In Girsanov theorem, the change of probability measure variable $Z_t = \frac{dQ}{dP}|_{\mathcal{F}_t}$, why does it need to be a martingale with respect to measure $P$ for the change of measure $\frac{dQ}{dP}$ to exist?

I am having trouble understanding this. Anyone familiar with this?


After reading up about Girsanov theorem and martingale theory, I can come up with the following observations. First if we have a filtration $\mathcal{F}_t$ and two probability measures $P$ and $Q$ for which Radon-Nikodym derivative $\frac{dQ}{dP}$ exist, then for each $\mathcal{F}_t$ there exists a Radon-Nikodym derivative $D_t$ with respect to $\mathcal{F}_t$ and $D_t$ is a uniformly integrable martingale with respect to $\mathcal{F}_t$ and $P$.

Now if we have measure $P$ and a martingale $Z_t$ with filtration $\mathcal{F}_t$ we can define set function $Q=Z_t\cdot P$ defined on $\cup \mathcal{F}_t$. It will define a unique probability measure $Q$ on $\sigma(\cup \mathcal{F}_t)$ if $Z_t$ has additional properties, $EZ_t\equiv 1$ being one of them.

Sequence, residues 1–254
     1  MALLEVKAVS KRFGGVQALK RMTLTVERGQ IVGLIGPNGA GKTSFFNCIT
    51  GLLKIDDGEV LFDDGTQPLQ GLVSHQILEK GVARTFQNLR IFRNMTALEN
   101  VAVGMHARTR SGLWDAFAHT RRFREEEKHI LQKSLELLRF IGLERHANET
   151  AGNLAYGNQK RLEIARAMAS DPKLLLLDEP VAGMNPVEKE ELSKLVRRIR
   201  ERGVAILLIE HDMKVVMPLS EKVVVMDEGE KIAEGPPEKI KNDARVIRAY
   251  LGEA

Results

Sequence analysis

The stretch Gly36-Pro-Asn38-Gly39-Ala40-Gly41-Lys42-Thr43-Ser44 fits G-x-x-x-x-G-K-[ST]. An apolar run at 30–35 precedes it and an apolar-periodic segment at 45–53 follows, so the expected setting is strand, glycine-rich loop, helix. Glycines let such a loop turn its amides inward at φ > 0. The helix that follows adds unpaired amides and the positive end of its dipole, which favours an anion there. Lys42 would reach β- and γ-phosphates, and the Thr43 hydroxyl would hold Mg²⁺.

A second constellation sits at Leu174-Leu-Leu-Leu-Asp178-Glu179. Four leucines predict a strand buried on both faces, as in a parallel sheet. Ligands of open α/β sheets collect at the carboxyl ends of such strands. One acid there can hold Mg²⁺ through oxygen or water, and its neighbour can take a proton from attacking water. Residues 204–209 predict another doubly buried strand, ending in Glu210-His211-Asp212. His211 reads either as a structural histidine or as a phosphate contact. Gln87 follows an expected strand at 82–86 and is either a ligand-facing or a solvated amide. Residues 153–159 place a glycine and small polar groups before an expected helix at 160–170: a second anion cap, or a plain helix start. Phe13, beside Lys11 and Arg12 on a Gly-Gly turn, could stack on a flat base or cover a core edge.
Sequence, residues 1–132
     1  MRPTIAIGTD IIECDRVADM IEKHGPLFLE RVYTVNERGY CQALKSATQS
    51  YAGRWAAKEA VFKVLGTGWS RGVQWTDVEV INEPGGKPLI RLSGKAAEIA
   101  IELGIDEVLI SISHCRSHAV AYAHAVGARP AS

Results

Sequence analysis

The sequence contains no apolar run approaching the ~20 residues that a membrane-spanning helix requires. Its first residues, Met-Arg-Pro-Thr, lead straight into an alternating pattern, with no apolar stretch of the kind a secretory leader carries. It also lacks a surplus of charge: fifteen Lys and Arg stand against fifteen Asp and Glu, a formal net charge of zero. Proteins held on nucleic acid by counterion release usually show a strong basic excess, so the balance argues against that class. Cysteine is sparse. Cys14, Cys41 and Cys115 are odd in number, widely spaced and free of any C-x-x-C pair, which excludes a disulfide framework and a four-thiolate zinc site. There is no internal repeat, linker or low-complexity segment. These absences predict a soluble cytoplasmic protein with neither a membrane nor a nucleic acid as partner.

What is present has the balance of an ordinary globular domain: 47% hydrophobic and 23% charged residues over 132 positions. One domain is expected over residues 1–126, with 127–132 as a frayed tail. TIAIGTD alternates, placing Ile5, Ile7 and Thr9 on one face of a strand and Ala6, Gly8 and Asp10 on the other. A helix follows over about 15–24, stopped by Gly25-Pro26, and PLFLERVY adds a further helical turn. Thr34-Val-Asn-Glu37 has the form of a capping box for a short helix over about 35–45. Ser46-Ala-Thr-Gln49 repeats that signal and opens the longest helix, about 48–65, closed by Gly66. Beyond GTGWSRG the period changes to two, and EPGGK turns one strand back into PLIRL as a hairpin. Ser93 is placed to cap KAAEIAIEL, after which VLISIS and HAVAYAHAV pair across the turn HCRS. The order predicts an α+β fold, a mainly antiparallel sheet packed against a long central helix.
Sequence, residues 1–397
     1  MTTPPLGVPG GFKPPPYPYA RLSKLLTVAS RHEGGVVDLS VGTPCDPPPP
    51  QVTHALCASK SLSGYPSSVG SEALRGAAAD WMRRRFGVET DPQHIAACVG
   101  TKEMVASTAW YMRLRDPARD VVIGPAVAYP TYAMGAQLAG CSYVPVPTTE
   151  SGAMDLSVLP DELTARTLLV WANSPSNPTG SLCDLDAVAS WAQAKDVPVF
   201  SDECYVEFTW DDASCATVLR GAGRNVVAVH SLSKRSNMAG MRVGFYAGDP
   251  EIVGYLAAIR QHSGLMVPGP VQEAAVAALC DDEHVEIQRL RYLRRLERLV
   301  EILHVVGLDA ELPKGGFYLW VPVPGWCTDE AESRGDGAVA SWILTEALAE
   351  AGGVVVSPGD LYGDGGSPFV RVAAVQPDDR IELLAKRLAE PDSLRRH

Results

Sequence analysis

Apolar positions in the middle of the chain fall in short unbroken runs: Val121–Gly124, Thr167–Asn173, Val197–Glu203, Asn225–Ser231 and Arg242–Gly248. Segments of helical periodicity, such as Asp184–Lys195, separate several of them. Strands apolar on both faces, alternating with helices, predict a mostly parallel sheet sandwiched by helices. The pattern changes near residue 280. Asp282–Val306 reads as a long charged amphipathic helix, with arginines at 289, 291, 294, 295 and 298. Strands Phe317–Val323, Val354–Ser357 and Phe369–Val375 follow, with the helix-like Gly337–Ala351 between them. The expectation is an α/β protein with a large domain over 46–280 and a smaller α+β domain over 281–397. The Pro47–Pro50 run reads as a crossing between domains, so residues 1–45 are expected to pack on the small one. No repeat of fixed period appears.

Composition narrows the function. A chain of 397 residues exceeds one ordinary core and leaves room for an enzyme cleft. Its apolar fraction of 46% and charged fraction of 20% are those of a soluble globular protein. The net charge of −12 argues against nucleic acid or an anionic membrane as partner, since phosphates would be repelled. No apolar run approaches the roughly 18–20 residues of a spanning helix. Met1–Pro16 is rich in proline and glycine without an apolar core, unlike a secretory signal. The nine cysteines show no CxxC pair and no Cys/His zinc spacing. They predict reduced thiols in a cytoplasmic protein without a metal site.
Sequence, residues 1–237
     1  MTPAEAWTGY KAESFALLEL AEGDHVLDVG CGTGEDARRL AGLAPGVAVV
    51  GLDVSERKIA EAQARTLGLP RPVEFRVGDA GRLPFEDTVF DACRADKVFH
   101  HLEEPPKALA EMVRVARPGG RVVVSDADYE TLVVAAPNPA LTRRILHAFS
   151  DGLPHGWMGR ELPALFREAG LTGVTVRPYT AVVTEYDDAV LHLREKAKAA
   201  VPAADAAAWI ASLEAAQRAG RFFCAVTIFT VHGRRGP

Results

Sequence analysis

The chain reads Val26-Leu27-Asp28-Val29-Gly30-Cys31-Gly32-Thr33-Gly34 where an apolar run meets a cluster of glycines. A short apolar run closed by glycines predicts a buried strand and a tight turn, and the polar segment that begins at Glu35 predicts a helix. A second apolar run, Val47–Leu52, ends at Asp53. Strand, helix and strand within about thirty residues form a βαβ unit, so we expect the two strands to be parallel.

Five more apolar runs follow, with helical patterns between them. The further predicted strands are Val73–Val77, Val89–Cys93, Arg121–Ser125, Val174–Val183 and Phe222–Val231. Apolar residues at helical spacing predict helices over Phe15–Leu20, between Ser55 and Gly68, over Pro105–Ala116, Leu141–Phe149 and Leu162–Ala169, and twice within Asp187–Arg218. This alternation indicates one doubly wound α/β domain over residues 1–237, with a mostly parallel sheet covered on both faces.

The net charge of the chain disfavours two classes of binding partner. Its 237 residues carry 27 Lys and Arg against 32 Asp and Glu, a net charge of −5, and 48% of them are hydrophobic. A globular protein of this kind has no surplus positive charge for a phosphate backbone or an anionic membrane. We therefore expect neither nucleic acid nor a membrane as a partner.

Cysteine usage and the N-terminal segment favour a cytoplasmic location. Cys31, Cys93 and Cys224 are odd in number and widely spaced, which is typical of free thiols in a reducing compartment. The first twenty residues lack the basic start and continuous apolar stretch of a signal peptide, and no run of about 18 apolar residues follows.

Going into more details requires reposting some book on this topic, which is not feasible. I read this one. Chapter VIII is a good read for clarifying things up. Naturally other books can be found.

Note that this is really a comment not an answer, I suggest trying to ask at math.SE, with details what exactly you did not understand, the question in the current format can be answered in many different ways, since there is a lot of things going on.

  • $\begingroup$ @mpiktas: I think you should write that $Q$ is defined on $\sigma(\cup \mathcal{F}_t)$, since $\cup \mathcal{F}_t$ is not necessarily (and indeed, usually is not) a $\sigma$-algebra. $\endgroup$
    – cardinal
    Apr 9 '11 at 13:49
  • $\begingroup$ @cardinal, you are right, although in the book I cited, only union is used. I will have to recheck. $\endgroup$
    – mpiktas
    Apr 11 '11 at 3:24
  • $\begingroup$ @mpiktas: interesting, as that is a well-known and highly regarded reference. You might be interested in this question on math.SE. $\endgroup$
    – cardinal
    Apr 11 '11 at 15:27
  • $\begingroup$ @mpiktas On the contrary, at the very next line after they define the set function, the authors mention that it has to be extended to a probability measure on the generated sigma-algebra. $\endgroup$
    – Did
    Apr 12 '11 at 11:16
  • $\begingroup$ @cardinal See comment above. $\endgroup$
    – Did
    Apr 12 '11 at 11:17

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